BoE increases QE

The Bank of England increased quantitative easing by £100bn and kept base rates at 0.1%. That takes the total to £745 bn. The program was started with an initial £200 bn back in 2009.

UK government being paid to borrow money!

The government has sold a gilt with a negative yield for the first time. An auction by the Debt Management Office of a gilt maturing in July 2023 sold at an average yield of -0.003 per cent.
A negative yield means that the government is effectively being rewarded to borrow as investors agree to be repaid slightly less than they lent.

Central banks have cut rates 148 times this year

Since the start of this year, research has calculated central banks around the world have cut their key interest rates 148 times by a cumulative 12,488 basis points (bp). While the US has cut rates by 150 bp so far this year and the European Central Bank has left rates on hold – at already very low levels – Argentina has cut by 1700bp, Ukraine by 550bp and Pakistan by 425bp. Source: Datastream, AXA IM

US oil price drops below $0

The consequence of an oil price war and the pandemic has resulted that in the first time in history the oil producers failed to find enough space in the US to store a glut of crude, forcing them to pay buyers to take it off their hands. West Texas Intermediate (WTI), the US benchmark, fell to -$37.63 a barrel, a loss of approximately 300 per cent.

UK Government funding – world first

The UK became the first country in the world to respond to the coronavirus by having its central bank directly finance its government, rather than through the intermediary of the government debt market. It involves the government’s account at the Bank of England (the “Ways and Means facility”) being extended to a temporarily unlimited amount. That will enable the government to raise money faster in the short term, avoiding the need to tap the gilts market.

COVID-19 – Help for the self-employed

If you have at least one year’s self-assessment history and have filed your 2018-19 tax return, you are eligible as long as you have trading profits of under £50,000 per annum.

You will receive a taxable grant of 80% of your average profits. You do not need to apply, you should receive details in the post and the grant in June.

COVID-19 – Employee homeworking expenses

In general, the reimbursement by an employer of employee expenses is treated for tax purposes as earnings from the employment for the tax year in which they are paid (ITEPA 2003 ss 70 and 72) and will be taxed in the normal way. There is, however, an exemption for ‘homeworking arrangements’ which covers payments made by an employer to an employee in respect of reasonable additional household expenses incurred in carrying out duties of their employment at home (ITEPA s 316A). This is currently up to £4 a week (or £18 a month) but, as announced in the Budget, will be increased to £6 a week from 6 April 2020. An exempt homeworking payment under s 316A can be made to employees who work at home under a voluntary homeworking scheme (which is a crucial difference to other expenses claimed by employees outside of these arrangements).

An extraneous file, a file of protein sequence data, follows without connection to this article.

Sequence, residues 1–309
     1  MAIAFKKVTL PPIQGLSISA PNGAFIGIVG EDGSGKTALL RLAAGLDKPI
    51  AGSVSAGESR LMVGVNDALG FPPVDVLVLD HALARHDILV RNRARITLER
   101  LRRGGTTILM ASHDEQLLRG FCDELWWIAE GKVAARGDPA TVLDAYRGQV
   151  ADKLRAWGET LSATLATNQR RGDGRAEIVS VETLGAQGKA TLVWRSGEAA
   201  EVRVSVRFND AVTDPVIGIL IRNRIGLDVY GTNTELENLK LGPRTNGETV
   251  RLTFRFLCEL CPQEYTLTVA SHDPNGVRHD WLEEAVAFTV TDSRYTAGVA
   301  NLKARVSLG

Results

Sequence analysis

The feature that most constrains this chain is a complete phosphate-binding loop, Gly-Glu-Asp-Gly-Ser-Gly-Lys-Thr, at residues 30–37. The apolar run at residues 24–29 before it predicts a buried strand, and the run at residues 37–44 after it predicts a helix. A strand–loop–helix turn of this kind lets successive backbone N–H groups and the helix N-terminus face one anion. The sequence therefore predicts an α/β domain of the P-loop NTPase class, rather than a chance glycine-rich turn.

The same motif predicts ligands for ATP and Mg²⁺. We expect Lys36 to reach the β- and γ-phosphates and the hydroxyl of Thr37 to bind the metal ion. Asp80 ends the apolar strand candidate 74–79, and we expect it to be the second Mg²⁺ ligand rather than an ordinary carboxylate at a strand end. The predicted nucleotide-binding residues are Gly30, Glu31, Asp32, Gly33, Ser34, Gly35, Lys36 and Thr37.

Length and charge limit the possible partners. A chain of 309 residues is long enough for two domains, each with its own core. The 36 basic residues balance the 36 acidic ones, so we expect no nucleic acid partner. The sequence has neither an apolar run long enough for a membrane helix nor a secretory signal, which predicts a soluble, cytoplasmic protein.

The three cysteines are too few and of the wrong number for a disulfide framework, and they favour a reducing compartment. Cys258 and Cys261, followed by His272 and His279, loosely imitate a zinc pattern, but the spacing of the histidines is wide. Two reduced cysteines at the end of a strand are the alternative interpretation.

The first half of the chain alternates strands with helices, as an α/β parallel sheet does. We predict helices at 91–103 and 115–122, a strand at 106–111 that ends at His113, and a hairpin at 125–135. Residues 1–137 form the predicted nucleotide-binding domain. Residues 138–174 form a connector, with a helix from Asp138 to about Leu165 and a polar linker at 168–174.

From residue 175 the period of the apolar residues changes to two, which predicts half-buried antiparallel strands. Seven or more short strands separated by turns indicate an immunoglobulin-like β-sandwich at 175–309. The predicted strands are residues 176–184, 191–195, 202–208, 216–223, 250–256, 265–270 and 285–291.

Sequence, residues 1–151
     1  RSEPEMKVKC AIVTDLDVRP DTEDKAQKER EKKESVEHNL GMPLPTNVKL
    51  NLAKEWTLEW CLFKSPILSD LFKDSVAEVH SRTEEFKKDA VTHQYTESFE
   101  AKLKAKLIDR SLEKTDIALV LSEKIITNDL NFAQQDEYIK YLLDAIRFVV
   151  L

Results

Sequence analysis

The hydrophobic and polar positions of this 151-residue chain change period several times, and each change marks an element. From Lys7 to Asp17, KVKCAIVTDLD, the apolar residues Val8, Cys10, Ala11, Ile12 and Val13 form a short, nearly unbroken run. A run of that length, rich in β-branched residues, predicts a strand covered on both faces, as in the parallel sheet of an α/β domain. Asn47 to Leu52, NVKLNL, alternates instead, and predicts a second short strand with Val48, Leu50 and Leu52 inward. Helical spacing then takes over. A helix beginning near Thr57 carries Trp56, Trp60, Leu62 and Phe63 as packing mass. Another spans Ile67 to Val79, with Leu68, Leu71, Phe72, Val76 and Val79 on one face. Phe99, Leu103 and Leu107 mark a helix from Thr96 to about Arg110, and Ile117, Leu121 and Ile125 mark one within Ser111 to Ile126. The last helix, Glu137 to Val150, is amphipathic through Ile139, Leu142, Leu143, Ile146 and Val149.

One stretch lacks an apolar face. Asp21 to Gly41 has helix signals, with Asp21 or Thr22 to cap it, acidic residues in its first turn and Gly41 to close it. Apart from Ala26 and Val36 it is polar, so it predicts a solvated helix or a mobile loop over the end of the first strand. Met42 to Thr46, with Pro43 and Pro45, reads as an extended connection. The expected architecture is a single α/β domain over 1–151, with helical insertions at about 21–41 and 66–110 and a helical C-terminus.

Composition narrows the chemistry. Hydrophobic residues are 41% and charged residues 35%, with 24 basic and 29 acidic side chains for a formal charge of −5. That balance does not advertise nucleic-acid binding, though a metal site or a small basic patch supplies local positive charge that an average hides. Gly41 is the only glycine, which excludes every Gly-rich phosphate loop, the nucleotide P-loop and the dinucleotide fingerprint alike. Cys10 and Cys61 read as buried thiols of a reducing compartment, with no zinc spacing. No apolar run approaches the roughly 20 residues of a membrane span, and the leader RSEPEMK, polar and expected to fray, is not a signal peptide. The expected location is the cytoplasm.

Costs that may be covered by such homeworking payments include additional costs of heating and lighting the work area or the metered cost of increased water use, provided that the additional household costs are reasonable and incurred in carrying out the employee’s duties. There might also be increased charges for internet access, home contents insurance, business telephone calls or the additional cost incurred as a result of business rates liability (EIM01474). Broadband costs will only be tax exempt if the employee is not already paying for a broadband connection (EIM01475). Payments for costs that would be incurred whether or not the employee worked at home – for example, mortgage interest, rent, council tax or water rates – will not be tax exempt.

COVID-19 Self-employed July payments deferred

The chancellor has announced that payments under income tax self-assessment, normally due on 31 July 2020, will be deferred until 31 January 2021.

During this period, individuals will not be charged any penalties or interest for late payment.

The deferral will apply automatically to all. Taxpayers who believe that their 2019/20 income will be lower than their 2018/19 income can make a claim to reduce their payments on account.  

COVID-19 VAT deferment

Deferment of VAT payments is effective immediately. Businesses should cancel their VAT direct debits to HMRC now; otherwise payments will still be taken automatically. 

These VAT direct debits should be restarted after 30 June 2020. The deferment applies to VAT payments due to be made to HMRC between 20 March 2020 and 30 June 2020.  HMRC says that interest will not be applied to the deferred VAT payments.

However, VAT returns must still be submitted on time: it is only the payment which is deferred.